What Happened to the Golden Age of Star Wars Games?
There was a time when Star Wars games allowed fans to go on their own exciting adventures across the galaxy. That time is over.
Former employees of Lucasfilm Games (the precursor to the LucasArts development studio) once claimed to USGamer that George Lucas started a game development studio so that he could avoid massive tax penalties associated with the success of the Star Wars franchise.
“He’s not a gamer,” said Steve Williams, former GM of Lucasfilm Games and LucasArts. “It’s not that he didn’t care. He wanted us to be successful. He would say, ‘I don’t know your market, you guys should figure out what you’re supposed to be doing.’”
Lucas may have wanted Lucasfilm Games to succeed, but he initially denied them access to the golden goose of his empire and the right to visit the very universe whose success prompted the formation of the development studio: Star Wars.
That may seem odd, but you have to consider a couple of things. First off, Williams was quite right when he said that Lucas wasn’t a gamer. Former Lucasfilm Games designer Chip Morningstar admitted that he always felt Lucas viewed gaming as an immature medium.
It wasn’t just video games, though. There was a time when Lucas didn’t even have faith in the possibility that Star Wars would become a franchise. He even reportedly asked author Alan Dean Foster to write the 1978 book Splinter of the Mind’s Eye on the off chance that he might be able to use the story as the basis for a low-budget Star Wars sequel.
Perhaps that’s why he sold the rights to produce Star Wars video games years before he ever formed a game studio. At that time, he probably viewed video games and Star Wars as roughly the same thing: two irons best struck while they were hot. Even if Lucas had known with all certainty that Star Wars was going to be a success, there was no way that he could have known what video games were going to become and what they would contribute to his prized property.
Granted, that wasn’t always the case. Lucasfilm may not have been making Star Wars games, but other companies certainly were. The first electronic Star Wars game, 1977’s Star Wars Electronic Battle Command Game, was little more than a beep and boop producing machine that so happened to bear the franchise’s name.
The first proper Star Wars video game, 1982’s The Empire Strikes Back for Atari 2600, wasn’t much better. It put players in the pilot seat of a snowspeeder and tasked them with taking out a series of AT-AT Walkers. Doing so required a Jedi-like level of patience for monotonous gameplay, but that’s about as close as it got to replicating the Star Wars experience.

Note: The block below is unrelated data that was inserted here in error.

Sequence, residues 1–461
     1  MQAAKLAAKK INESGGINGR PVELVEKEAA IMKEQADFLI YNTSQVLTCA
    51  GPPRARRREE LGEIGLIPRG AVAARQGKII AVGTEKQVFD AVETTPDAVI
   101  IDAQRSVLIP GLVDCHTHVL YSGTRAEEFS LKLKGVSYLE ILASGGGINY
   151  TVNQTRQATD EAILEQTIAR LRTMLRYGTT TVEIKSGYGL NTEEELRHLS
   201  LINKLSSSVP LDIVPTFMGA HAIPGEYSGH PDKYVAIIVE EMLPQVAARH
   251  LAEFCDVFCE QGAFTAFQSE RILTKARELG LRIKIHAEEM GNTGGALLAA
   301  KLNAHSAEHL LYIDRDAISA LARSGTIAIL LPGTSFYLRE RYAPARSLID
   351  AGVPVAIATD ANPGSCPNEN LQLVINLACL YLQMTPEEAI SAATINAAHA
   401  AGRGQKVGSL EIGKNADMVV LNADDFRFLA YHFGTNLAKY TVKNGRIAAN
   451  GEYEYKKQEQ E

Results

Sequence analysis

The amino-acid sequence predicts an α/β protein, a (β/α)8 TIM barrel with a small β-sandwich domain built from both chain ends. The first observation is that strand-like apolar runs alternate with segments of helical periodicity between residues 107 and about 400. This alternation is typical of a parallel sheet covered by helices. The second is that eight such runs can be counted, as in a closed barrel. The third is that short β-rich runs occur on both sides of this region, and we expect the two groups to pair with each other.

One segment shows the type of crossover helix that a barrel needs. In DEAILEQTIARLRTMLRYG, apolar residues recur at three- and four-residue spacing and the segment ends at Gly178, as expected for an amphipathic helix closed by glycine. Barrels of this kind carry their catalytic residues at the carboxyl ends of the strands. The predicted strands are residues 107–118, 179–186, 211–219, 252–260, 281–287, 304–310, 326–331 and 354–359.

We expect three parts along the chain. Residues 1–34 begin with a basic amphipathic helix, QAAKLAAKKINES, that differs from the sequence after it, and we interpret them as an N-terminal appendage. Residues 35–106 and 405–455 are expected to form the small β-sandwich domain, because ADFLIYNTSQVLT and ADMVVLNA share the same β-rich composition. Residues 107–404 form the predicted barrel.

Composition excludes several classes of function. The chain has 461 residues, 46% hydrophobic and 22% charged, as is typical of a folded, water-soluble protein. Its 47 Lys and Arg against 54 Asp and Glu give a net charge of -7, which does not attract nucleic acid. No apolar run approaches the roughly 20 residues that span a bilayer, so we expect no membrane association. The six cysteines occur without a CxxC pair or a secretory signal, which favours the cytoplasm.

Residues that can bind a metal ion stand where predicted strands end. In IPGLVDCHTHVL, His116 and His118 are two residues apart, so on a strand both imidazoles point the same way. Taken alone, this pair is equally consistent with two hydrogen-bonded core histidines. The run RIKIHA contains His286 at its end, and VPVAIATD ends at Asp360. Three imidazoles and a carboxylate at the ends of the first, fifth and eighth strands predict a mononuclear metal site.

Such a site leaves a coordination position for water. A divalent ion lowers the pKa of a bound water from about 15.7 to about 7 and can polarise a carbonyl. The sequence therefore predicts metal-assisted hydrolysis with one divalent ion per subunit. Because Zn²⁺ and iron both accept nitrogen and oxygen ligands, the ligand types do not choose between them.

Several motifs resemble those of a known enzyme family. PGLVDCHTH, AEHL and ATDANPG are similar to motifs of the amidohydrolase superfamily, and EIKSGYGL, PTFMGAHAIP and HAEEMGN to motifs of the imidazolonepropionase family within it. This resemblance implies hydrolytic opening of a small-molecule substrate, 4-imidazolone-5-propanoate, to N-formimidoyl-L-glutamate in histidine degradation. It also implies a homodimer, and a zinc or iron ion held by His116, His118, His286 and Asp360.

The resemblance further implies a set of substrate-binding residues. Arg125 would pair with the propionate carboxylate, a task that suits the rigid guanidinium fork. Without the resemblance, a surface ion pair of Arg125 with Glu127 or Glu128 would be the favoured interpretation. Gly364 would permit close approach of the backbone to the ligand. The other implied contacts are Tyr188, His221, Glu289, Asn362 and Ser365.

Many of the video games that followed also focused on very specific aspect of the films. Return of the Jedi: Death Star Battle saw you assault the Death Star in the Millenium Falcon. Jedi Arena was basically Pong with lightsabers.
Crude as they may have been, these early games offered fans the chance to engage in a bit of wish fulfillment. The same can be said of the novels and toys, but only the Star Wars games utilized a similar kind of mind-blowing technology that helped make the films such runaway hits. That’s especially true of the 1983 Star Wars arcade game, with its revolutionary vector graphics, sound design, and structure.
However, if the history of Star Wars video games had ended in the early ‘80s – a feat the great video game crash of 1983 threatened to accomplish – then it’s highly unlikely that anyone would remember them as more than a diversion. Had that come to pass, an entire generation of fans might never have discovered that the true joy of the Star Wars universe comes from the thrill of experiencing new adventures within it.
The developers of early Star Wars games could have used Lucas’ indifference as an excuse to craft their own stories, but few actually did. You can blame the lack of creativity on a number of factors, but the biggest problem may have been that many of the people who worked on those games didn’t have the chance to fully explore gaming as a creative medium.
That was not the case for the LucasArts development team.
“The fact that we couldn’t use Star Wars was a constraint,” said Morningstar. “It generated a lot of creativity.”
By the time the team at LucasArts finally got the chance to work on its first in-house Star Wars game in 1992, the studio had already helped pioneer the point-and-click adventure genre and proven that it was one of gaming’s most reliable sources for quality writing and visual design.
Fueled by its success in creating original properties such as Maniac Mansion and Monkey Island, the team at LucasArts realized that it wasn’t content developing a game that reminded people of the films. LucasArts instead chose to develop a title that provided an experience no Star Wars film ever really had. An experience only gaming could offer.
That game, X-Wing, was a sci-fi flight simulator developed by the legendary Lawrence Holland. Fans attracted to the game because of its incredible soundtrack, revolutionary visual design, and familiar trappings soon discovered that X-Wing demanded incredible levels of skill and intelligence from the player. Success in X-Wing meant mastering a series of complicated mechanics.
X-Wing was not a wish fulfillment game designed to offer simple entertainment to the masses. It was a game created for a more mature crowd of hardcore fans.